PHILADELPHIA – Patients in Guatemala will have a better chance of getting the right diagnosis and treatment now that the University of Pennsylvania Libraries has received funding for a project using smart phones and other mobile technologies to improve physicians’ access to clinical information in Guatemala.
The Penn mobile technology project will provide the Hospitalito Atitlán and its partner national hospital and health posts in Sololá, Guatemala with access to electronic medical information as well as direct contact with the expertise of Penn physicians in Philadelphia. For example, Guatemalan physicians will be able to use smart phones to take pictures of X-rays of their patients and send the photos to Penn physicians to obtain a second opinion on a diagnosis. They can also use the phones and other electronic devices to tap into extensive electronic medical databases and e-journals to get information on diseases and treatment options. Currently this capability is inadequate or non-existent in the area.
The project is being funded by the Elsevier Foundation, the philanthropic arm of one of the world’s largest scientific publishers, with more than 2,000 scientific, technical, and medical journals, including The Lancet. The project was selected from 260 proposals worldwide.
“This grant will be a terrific addition to the projects we have already underway as part of the Guatemala-Penn Partnership,” said Brian L. Strom MD, senior advisor to the provost for global health initiatives, and director of the Penn Center for Clinical Epidemiology and Biostatistics. “Technology is a vital part of how we practice medicine in the US, and patients in Guatemala will now have access to some of the same benefits as well.” The Penn-Guatemala partnership is led by Charles Branas, PhD, Associate Professor of Epidemiology at Penn.
The funding will enable a Penn team to first assess the Guatemalan hospital’s information and technology needs. Then the team will train physicians at the Guatemalan hospital on using technology in a variety of ways to improve patient care. The Guatemalan physicians will in turn train colleagues at community-based health posts surrounding the hospital. The Penn team will also identify high-quality digital medical resources available in Spanish for both web and mobile formats.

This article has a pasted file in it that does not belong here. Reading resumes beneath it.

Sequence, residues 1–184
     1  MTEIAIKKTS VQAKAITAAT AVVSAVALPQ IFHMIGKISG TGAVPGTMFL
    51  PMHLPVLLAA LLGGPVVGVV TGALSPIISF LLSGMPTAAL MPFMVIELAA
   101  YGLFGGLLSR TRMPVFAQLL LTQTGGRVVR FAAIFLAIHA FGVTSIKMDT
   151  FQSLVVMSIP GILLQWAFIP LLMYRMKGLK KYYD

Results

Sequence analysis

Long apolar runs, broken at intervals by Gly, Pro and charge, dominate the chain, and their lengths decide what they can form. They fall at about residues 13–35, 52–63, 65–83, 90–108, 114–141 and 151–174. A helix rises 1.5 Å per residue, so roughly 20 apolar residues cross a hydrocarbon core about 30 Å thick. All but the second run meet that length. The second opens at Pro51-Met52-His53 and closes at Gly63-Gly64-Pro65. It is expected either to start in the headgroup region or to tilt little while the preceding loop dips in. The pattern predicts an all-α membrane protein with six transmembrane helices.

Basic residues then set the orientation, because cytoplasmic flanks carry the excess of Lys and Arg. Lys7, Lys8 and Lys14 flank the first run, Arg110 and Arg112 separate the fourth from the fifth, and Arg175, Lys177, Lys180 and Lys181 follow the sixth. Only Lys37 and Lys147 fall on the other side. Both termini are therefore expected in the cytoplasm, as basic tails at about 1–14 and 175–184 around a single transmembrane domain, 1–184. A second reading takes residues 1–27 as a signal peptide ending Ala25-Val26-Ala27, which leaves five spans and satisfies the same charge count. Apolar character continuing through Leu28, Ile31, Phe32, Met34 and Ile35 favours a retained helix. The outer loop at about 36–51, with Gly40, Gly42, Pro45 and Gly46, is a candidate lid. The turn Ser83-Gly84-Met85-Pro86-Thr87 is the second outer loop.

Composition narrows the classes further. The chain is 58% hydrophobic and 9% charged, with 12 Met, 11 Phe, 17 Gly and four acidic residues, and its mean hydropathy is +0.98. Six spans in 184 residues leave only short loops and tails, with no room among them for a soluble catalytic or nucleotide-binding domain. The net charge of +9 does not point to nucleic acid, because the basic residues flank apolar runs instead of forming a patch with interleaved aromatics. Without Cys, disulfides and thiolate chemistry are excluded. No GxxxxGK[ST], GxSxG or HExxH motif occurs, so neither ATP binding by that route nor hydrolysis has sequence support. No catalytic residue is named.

“As librarians of a healing institution, we’re honored to play a direct part in helping improve care to needy residents in Guatemala” said Penn’s vice provost and director of libraries, Carton Rogers. “By working with Penn physicians, we can lend our expertise to their superb clinical skills for the betterment of the people of Sololá.”
The Penn team that will travel to Guatemala includes Anne K. Seymour, associate director of the Penn Biomedical Library, Kent Bream, MD, founding faculty director of the Penn Guatemala Health Initiative, Barbara Bernoff Cavanaugh, director of the Penn Biomedical Library, Carrie Kovarik, MD, assistant professor of dermatology, Doug Smullens, Penn Libraries IT systems manager, and Carlos Rodriguez, acting head of access services of the Penn Biomedical Library.
The Penn Libraries has previously conducted a similar project in Botswana.
The Perelman School of Medicine has been ranked among the top five medical schools in the United States for the past 16 years, according to U.S. News & World Report's survey of research-oriented medical schools. The School is consistently among the nation's top recipients of funding from the National Institutes of Health, with $398 million awarded in the 2012 fiscal year.
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